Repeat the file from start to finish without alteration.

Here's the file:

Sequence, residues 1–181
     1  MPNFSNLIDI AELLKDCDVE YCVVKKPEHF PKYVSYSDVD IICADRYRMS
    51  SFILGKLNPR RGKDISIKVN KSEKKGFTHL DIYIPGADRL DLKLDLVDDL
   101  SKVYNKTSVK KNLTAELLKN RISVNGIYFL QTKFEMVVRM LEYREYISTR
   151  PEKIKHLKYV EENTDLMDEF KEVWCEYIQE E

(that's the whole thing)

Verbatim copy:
Sequence, residues 1–181
     1  MPNFSNLIDI AELLKDCDVE YCVVKKPEHF PKYVSYSDVD IICADRYRMS
    51  SFILGKLNPR RGKDISIKVN KSEKKGFTHL DIYIPGADRL DLKLDLVDDL
   101  SKVYNKTSVK KNLTAELLKN RISVNGIYFL QTKFEMVVRM LEYREYISTR
   151  PEKIKHLKYV EENTDLMDEF KEVWCEYIQE E